Saturday, 21 January 2017

A Speech that Never was

So I got asked to give a speech at the Cambridge Stand Up To Racism event which was earlier today called Celebration of Diverse Cambridge. Unfortunately, due to feeling unwell, and my throat hurting, I realised after practicing out aloud, that I would not be able to give the speech. I went anyway and still marched alongside the people who were there, though feeling flushes of hot and cold and faint.

I feel so down for not having made the speech, and curse the cold for making me unwell to do so. But I still want to share the words that had I been well, would have said them with gusto and all the power I could muster. Having shared it on my own personal fb account, I think it only right to share it in this space that I have always tried to be honest in.

"Last year it was my first time standing as a candidate in the Cambridge City Council elections. It didn’t take long before a public figure said that I was there just to get minorities votes... as if I was some kind of a ploy… or that because of my heritage, only one section of society would vote for me. In that moment I felt so boxed in…. Not once had I thought that I was in anyway just representing one group of people… because not once in my time living in Cambridge had I been made to feel different.

When I spoke to people from different ethnic backgrounds, they said to me they didn’t always vote because they didn’t feel their councillors cared about them, they didn’t feel represented by them and they didn’t feel that they could relate with them…. And yet I was the one who would only get the minorities vote because of the colour of my skin and my heritage.

During my campaign, I also spoke to people who were hell-bent on convincing me that immigrants were the reason that everything was going wrong. When I would ask why… most of the time they would tell me that they read that in a newspaper or that they just knew…. They blamed immigrants for the long waiting lists at hospitals, and the NHS for falling apart. Of course, as per usual when I told them ….that my parents were immigrants- they would say- “O, but we don’t mean you”.

Thinking about last year… and all the things that have happened, I have come to realise that it would be easy to blame people or groups for their actions. But the real enemy in this situation is the establishment that has created policies that work against certain groups of people… the establishment that lets the media get away with hateful and discriminatory reporting… and the establishment that has created an education system that lies about the real history of the British Empire.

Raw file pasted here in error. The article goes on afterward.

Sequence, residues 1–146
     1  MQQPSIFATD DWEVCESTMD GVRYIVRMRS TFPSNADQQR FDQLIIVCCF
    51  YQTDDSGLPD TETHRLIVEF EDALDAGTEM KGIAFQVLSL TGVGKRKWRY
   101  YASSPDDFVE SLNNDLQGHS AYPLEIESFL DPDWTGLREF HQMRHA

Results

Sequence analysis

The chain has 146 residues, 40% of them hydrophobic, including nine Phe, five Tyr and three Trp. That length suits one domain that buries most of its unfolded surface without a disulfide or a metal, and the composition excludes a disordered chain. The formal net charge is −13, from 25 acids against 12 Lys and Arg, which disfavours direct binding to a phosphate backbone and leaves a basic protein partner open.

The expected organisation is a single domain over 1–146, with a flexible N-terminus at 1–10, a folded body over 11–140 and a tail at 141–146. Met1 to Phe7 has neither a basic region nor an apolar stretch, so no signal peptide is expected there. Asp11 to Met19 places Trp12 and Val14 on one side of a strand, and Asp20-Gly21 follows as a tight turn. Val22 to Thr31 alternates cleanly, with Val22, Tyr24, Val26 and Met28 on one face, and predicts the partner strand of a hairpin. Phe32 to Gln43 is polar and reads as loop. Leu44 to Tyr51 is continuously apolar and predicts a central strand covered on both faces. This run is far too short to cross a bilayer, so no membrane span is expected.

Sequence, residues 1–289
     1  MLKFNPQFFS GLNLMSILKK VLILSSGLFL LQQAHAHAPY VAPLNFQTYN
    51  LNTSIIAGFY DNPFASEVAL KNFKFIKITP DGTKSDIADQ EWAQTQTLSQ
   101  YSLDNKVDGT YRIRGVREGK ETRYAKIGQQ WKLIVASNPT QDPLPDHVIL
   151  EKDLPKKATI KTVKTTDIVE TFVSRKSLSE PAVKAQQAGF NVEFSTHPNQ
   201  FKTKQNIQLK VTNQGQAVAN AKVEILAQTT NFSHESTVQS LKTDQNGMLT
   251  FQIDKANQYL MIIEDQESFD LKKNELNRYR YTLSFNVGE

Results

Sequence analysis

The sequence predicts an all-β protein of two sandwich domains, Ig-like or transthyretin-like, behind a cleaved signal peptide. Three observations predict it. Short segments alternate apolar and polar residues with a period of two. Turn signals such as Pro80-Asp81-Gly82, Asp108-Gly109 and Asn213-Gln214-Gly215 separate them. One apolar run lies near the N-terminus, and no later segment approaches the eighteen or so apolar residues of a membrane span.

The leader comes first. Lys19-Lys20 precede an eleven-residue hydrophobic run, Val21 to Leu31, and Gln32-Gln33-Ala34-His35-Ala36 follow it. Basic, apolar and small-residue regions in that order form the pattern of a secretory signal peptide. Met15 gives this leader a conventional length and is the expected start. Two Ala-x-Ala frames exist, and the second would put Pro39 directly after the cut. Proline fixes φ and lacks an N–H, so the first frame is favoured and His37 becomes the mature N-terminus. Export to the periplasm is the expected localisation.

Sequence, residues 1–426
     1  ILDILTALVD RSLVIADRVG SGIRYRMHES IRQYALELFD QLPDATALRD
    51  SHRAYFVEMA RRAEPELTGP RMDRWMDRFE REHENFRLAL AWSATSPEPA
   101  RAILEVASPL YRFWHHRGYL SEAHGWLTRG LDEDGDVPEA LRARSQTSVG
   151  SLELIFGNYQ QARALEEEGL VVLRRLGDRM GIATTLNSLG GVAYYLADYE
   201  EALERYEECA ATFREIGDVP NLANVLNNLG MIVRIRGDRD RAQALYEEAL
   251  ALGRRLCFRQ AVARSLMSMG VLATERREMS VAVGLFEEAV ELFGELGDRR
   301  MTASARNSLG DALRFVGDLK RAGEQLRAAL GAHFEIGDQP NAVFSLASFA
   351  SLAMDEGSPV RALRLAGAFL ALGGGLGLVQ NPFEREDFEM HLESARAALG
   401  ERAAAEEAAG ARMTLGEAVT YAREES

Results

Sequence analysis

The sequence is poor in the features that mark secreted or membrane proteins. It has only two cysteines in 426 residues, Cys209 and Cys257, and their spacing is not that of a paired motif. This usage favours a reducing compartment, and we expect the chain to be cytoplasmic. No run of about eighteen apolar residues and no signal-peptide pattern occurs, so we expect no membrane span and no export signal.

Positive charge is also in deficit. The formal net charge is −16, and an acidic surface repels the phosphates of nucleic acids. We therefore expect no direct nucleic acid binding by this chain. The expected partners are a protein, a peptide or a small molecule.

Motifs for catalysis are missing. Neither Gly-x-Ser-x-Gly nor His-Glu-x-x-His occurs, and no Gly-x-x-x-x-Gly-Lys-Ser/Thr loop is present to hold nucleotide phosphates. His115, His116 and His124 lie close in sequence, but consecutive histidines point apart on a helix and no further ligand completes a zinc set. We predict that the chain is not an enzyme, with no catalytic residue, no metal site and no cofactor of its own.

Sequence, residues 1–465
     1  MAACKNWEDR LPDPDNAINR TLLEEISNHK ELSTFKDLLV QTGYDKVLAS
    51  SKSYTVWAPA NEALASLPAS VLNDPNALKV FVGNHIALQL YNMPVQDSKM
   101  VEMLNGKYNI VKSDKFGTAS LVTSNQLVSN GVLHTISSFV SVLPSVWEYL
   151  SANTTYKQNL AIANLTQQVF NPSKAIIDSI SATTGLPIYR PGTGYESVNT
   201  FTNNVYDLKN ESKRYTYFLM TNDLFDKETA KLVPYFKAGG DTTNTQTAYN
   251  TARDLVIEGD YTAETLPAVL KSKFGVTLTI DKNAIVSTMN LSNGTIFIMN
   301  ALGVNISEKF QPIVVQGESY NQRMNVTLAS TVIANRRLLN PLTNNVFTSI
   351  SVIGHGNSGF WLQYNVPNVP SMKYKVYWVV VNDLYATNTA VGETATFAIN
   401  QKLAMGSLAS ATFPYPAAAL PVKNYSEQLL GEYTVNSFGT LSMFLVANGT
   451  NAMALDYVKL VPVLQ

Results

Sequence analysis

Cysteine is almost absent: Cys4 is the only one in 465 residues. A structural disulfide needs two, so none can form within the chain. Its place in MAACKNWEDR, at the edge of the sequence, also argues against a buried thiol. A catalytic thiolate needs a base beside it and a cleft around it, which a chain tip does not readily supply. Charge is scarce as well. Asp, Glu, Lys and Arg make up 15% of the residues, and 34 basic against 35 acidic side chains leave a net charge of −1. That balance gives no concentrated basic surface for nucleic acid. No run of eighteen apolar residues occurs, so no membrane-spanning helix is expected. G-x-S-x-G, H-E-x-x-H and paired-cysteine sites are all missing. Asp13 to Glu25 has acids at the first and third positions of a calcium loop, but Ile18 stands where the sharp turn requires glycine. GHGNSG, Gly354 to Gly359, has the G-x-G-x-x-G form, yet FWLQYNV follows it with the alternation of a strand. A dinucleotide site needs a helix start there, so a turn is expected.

It’s the government that has created an education system that teaches children about World War 1 and 2 but not about the sacrifices of Sikhs, Hindus, Muslims, Gurkhas, the Polish and the many more. It is the government that has created a criminal justice system that is unfair towards Black and minority ethnics. It is the government that lets the media get away with their horrendous reporting of certain groups of people, blaming them for a whole hoard of things that our own government is too ashamed to admit is due to their own wrong doing.

When somebody says that someone like me can only represent one group of people, they are creating a division, making them all the more real. But if councillors are largely ignoring certain groups of people, they are responsible for the divisions they have already been created.

Now is not the time to shirk from uncomfortable subjects. We need to face them head on. We need to challenge concepts like, what does a typical Brit even look like? Rather than just blaming racists as if it’s just down to people and groups, we need to challenge the establishment and their irresponsible policies.

No one should be made to feel like they don’t belong here. For every racist attack… we need to ensure our status quo of living in harmony stays intact. I’m proud to live here and call Cambridge my home. We need to ensure everyone has this positive experience, no matter what their mother tongue is, what their struggles are- we have one common identity- to feel proud of living with each other.

Thank you."

Even though I could not give this speech, I am thankful to Cambridge Stand to Racism for giving me this great opportunity. They helped to explore this issue further and though I don't go very deep into any of the topics in the manuscript, I researched and explored them thoroughly to come to these conclusions.In many ways, I feel like though I will continue to explore my identity, I have found some answers to some of my questions.

Until next time,
Sen x

Get in touch with me:
You can find me on:
Twitter: @senlanoire

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